There is a lot of talk in the corporate world regarding data security and management. Regulations and compliance are introduced to standardize data security measures to combat rising cyberattacks. However, in the midst of all these crucial awareness drive surrounding data security, one critical aspect gets marginally overlooked, i.e. proper disposal of electronic devices.
We are using electronic devices at most touch-points in our lives and more so in businesses. Computers, Laptops, Smartphones, Tablets, External Hard Drives, Scanners, Printers, Cameras and others are just a few examples of extensively used hardware in businesses. Like many electronic items, all these devices are either replaced over a period of time due to performance down-fall, gets damaged in the process or even stolen. And, with the ever-evolving hardware space, Original Equipment Manufacturers (OEMs) are launching upgraded hardware more frequently than ever. This is also a leading factor in compelling businesses to switch devices for superior performance.
Most electronic devices contain sensitive information within them during their operation and long after. There is either, lack of awareness or attention that is being paid to safe disposal of electronic devices. And, cybercriminals are taking advantage of this loophole to access sensitive information from electronic devices that are not properly disposed.
We’ve deleted all data before disposing our device, we are safe! This is a big misconception. Most devices retain the stored data in them even after a mass delete or formatting. It may not be apparent to a non-technical user; however, tech-savvy cybercriminals can retrieve data and use it for malicious purposes. So, how to safely dispose electronic devices? Multiple methods commonly known as Sanitizing can be adopted to permanently delete data. Although the process differs from device to device. Here are some proven Sanitizing methods:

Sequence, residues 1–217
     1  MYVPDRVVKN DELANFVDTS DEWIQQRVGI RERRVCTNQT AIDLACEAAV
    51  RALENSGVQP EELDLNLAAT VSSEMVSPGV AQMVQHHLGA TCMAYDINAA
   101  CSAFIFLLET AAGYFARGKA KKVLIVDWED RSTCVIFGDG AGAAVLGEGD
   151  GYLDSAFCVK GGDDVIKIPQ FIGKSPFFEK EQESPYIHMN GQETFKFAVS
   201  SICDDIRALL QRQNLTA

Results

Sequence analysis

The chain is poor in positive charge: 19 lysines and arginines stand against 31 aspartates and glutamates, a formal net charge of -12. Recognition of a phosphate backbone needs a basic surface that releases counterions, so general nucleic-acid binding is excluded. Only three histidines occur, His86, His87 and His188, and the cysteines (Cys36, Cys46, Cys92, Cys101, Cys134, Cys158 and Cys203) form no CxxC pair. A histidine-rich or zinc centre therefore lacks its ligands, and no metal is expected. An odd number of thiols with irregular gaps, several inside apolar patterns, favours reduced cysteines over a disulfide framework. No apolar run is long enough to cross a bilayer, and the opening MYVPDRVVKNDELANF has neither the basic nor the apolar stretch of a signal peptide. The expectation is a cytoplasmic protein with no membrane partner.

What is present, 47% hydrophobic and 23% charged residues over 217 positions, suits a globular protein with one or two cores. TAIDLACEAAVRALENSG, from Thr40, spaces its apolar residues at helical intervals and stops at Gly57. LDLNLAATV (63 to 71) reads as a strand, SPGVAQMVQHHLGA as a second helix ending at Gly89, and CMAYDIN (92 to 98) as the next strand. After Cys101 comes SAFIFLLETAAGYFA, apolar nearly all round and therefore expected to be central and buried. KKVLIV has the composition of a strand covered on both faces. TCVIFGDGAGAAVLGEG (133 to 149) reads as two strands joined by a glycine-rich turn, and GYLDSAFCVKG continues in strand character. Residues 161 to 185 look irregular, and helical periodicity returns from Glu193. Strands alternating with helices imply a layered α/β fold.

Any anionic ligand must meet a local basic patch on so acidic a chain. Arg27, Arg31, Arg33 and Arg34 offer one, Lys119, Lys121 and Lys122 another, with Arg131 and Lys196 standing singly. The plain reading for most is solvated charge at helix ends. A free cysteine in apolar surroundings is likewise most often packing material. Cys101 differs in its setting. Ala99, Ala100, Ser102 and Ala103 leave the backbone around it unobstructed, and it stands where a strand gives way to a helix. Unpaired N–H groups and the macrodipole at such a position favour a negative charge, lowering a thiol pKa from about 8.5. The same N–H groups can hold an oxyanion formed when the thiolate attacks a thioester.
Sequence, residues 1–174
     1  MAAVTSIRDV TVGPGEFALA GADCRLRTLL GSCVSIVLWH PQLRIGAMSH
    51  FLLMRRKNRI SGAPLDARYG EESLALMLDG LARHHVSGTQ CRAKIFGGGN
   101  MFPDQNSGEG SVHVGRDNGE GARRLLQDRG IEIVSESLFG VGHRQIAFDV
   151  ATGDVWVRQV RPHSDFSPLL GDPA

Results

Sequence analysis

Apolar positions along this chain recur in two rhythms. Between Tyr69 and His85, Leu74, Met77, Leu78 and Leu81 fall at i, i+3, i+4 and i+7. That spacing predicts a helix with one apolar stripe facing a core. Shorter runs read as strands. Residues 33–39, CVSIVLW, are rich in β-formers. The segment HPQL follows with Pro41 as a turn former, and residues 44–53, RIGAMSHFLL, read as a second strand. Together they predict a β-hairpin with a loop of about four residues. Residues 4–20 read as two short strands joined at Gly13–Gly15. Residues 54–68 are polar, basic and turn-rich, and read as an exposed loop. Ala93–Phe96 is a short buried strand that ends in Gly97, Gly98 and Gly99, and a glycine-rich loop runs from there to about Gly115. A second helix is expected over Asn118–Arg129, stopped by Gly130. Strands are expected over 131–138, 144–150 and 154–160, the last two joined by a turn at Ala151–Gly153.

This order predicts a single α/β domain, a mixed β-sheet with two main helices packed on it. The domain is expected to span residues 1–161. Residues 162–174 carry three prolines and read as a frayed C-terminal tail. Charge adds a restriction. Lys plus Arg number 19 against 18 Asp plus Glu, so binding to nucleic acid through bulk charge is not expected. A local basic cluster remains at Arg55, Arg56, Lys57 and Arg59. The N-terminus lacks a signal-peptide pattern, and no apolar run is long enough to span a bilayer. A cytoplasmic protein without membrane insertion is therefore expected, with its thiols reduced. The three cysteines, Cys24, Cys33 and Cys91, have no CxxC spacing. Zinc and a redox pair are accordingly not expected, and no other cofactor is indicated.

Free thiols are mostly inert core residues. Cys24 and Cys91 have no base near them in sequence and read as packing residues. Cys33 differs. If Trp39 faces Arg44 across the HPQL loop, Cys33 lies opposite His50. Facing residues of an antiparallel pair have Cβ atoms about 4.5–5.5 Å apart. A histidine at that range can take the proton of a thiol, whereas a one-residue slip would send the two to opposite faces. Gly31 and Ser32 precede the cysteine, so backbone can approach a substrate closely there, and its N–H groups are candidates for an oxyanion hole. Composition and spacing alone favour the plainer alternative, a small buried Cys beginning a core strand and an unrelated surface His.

Data backup: Data backup is a basic step to ensure recovery in the event your device gets stolen. Data can be backed up to another device or on the cloud.
Deleting Data: Deleting data from device is recommended, although users should not solely rely on this process. Additional sanitizing steps must be taken, including:
Computers: Use Disk Cleaning Software to permanently remove data and the possibility of recovery. Secure Erase, a set of commands available in most computer hard drives can be performed to delete data and overwrite all areas of hard drive to ensure permanent deletion. Disk Wiping, a utility tool clears sensitive data and wipes flash drives and secure digital cards.
Smartphones, Media Players, Office Equipment (Printers, Copier, etc.) and Tablets: Perform a Hard Reset to return the device to its factory settings. Also ensure to remove any memory cards.
Overwriting: Delete sensitive information and then write new binary data over it to ensure that hackers are not able to trace the original script. Write layers of random binary code to make it difficult for hackers to retrieve information. Microsoft Windows users can use Cipher.exe command-line too encrypt or decrypt data. Clearing is another tool to use that does not allow any information to be retrieved by data, disk or file recovery utilities.
Physical Destruction: The most non-technical way is to simply destruct the device. There are professional services that offers destruction by burning, melting, thrashing devices. Driving nails, drilling holes and hammering devices to small pieces is DIY way of device destruction. Many powerful shredders can shred CD and DVDs. Magnetic degaussers can be used to manipulate the magnetic fields in drives to destruct device.